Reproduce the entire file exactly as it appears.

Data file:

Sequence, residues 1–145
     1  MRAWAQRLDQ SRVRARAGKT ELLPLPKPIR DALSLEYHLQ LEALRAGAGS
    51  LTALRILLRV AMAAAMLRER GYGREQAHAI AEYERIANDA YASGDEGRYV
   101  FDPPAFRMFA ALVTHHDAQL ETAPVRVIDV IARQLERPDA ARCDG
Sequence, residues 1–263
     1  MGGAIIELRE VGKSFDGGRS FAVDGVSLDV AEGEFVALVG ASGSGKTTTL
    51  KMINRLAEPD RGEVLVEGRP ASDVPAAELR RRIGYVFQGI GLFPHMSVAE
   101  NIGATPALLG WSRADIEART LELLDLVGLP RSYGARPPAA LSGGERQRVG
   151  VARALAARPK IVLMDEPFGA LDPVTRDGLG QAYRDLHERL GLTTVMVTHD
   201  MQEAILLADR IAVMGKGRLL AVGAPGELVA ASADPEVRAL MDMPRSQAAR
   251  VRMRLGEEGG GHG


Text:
Sequence, residues 1–145
     1  MRAWAQRLDQ SRVRARAGKT ELLPLPKPIR DALSLEYHLQ LEALRAGAGS
    51  LTALRILLRV AMAAAMLRER GYGREQAHAI AEYERIANDA YASGDEGRYV
   101  FDPPAFRMFA ALVTHHDAQL ETAPVRVIDV IARQLERPDA ARCDG
Sequence, residues 1–263
     1  MGGAIIELRE VGKSFDGGRS FAVDGVSLDV AEGEFVALVG ASGSGKTTTL
    51  KMINRLAEPD RGEVLVEGRP ASDVPAAELR RRIGYVFQGI GLFPHMSVAE
   101  NIGATPALLG WSRADIEART LELLDLVGLP RSYGARPPAA LSGGERQRVG
   151  VARALAARPK IVLMDEPFGA LDPVTRDGLG QAYRDLHERL GLTTVMVTHD
   201  MQEAILLADR IAVMGKGRLL AVGAPGELVA ASADPEVRAL MDMPRSQAAR
   251  VRMRLGEEGG GHG